The Solution to Poverty is Circular

The real solution is not eradicating just poverty.

There is but one aspect that is constant: Poverty. It has been a constant and burning issue. According to the World Bank’s estimates, in 2016, 10.7 percent of the world’s population lived with less than $1.90 a day, which is around 767 million people. But, the decrease in poverty in recent years was the greatest in East Asia and Pacific region, especially in China and Indonesia, as well as in the South Asia region, particularly in India. The highest level of poverty is still in Sub-Saharan Africa.

Solutions to this problem have been several. Some insist on foreign aid, claiming that poor countries need a financial booster to be pulled out from the “poverty trap”, and initiate economic development. However, this assistance generally goes to the wrong side, it is not sufficient, and may not be a permanent solution. On the other hand, advocates of the free market believe that the only solutions are free trade and open markets, which have not proved to be helpful either, to quite a large extent. Therefore, the only permanent solution seems to increase employment, or better said to create productive jobs that will increase earning power. An ecoomy must be able to boost its development from the inside, by itself.

Microfinance projects still remain the more valuable options in economies striving to increase the number of companies and scope of their business. However, in practice, it seems to be much harder and more complicated than in theory, because most people for whom these funds are intended, do not have enough skills, ideas, necessary assets for investment, credit collaterals, or the knowledge, to even prepare a good business plan. Also, such companies usually are very small and do not have the advantages of economies of scale, have low productivity, and they often earn very little. As a result, liquidity is at a very low level, because they are often forced to borrow on a short-term basis, which is a much more expensive option. In addition, the obligations to the state, in terms of taxes and benefits, are also generally high. In the end, they have a lot of difficulties in penetrating the market alongside larger and much stronger companies.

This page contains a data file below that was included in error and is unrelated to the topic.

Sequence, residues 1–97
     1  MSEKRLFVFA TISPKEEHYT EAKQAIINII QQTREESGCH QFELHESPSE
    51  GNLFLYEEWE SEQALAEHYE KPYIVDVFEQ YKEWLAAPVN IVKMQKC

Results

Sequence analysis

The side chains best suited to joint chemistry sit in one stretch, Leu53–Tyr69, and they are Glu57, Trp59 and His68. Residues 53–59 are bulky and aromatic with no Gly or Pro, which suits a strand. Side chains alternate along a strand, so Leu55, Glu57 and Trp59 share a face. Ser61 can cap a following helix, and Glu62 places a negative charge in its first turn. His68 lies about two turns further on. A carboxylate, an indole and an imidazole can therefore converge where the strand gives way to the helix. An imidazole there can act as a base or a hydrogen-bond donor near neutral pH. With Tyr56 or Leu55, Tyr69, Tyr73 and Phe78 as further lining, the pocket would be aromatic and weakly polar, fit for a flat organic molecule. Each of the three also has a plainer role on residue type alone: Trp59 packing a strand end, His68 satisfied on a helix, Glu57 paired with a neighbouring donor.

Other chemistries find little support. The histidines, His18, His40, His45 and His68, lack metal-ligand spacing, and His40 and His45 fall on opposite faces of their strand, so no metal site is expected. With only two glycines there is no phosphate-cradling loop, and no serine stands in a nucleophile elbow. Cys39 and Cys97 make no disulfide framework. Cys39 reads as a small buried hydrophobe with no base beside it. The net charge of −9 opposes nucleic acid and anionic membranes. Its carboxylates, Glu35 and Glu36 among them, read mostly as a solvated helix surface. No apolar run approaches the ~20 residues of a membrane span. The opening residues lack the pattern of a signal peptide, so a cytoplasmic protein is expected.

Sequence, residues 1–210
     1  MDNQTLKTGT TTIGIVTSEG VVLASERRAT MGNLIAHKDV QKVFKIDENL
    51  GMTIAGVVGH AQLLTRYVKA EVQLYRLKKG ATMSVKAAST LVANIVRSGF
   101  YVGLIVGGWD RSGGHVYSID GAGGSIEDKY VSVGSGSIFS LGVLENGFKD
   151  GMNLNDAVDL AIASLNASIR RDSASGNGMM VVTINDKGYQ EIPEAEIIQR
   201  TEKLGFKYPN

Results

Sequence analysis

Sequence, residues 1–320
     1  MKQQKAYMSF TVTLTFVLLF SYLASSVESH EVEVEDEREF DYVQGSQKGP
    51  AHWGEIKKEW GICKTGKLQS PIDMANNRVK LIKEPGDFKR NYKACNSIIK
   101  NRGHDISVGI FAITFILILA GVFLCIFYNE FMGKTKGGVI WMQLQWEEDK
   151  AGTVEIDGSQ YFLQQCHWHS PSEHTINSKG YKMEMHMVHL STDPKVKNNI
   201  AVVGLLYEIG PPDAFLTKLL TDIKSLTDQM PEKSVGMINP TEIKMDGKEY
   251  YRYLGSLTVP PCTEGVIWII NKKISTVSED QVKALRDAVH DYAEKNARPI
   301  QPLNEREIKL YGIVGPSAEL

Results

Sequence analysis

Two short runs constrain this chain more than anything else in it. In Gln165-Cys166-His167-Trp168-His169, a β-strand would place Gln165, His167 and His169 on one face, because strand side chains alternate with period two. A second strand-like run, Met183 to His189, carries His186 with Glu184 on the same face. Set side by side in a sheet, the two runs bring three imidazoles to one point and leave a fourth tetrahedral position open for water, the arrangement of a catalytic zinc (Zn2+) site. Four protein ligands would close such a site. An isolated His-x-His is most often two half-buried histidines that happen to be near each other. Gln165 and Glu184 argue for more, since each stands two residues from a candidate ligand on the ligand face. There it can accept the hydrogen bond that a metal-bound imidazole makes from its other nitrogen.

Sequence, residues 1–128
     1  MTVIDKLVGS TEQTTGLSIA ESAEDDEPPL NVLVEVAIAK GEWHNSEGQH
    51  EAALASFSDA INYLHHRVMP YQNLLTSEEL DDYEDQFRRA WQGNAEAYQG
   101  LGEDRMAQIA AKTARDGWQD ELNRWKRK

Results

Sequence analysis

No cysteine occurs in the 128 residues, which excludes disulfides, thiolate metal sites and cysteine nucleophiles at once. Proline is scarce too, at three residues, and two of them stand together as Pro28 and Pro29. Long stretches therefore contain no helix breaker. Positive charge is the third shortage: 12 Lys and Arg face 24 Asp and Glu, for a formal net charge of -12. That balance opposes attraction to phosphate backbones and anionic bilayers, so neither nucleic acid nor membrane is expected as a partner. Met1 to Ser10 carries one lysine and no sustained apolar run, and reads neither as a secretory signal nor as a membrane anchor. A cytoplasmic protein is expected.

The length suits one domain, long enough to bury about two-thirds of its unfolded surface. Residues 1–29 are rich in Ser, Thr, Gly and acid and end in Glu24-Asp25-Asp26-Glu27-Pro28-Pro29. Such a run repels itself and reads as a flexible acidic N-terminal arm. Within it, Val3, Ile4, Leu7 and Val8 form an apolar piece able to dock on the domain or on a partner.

There is a detail that we miss here. The real problem is not poverty. It is the lack of awareness that poverty creates problems of illiteracy, unemployment and vice versa. And the lack of goodwill from the State’s side cannot be undermined. This situation can be improved in two ways – to increase employability and to create conditions for sustainable employment. First, it is necessary to implement various programs for education, vocational training or professional reorientation on the occupations that are more requested in order to prepare people to become self-employed or employees. Second, although the private sector creates jobs, the state must create favorable conditions for efficient and profitable businesses. There are many initiatives that the state can implement, such as an appropriate fiscal policy, subsidizing certain industries, the establishment of a guarantee fund, reducing or subsidizing of taxes and benefits, and in turn, stimulation of aggregate demand.

Developing countries should encourage growth especially in labor-intensive and low-skill sectors, such as agriculture and small manufacturing units. This has proved to be a successful solution in China. Furthermore, SMEs need to focus on specialization and covering the market niches, or using strategies like outsourcing and strategic alliances with larger companies. Since SMEs are generators of economic development, sources of innovation and entrepreneurial talent, as well as significant creators of new jobs, each state should provide them with unmitigated support development and enrichment of business.


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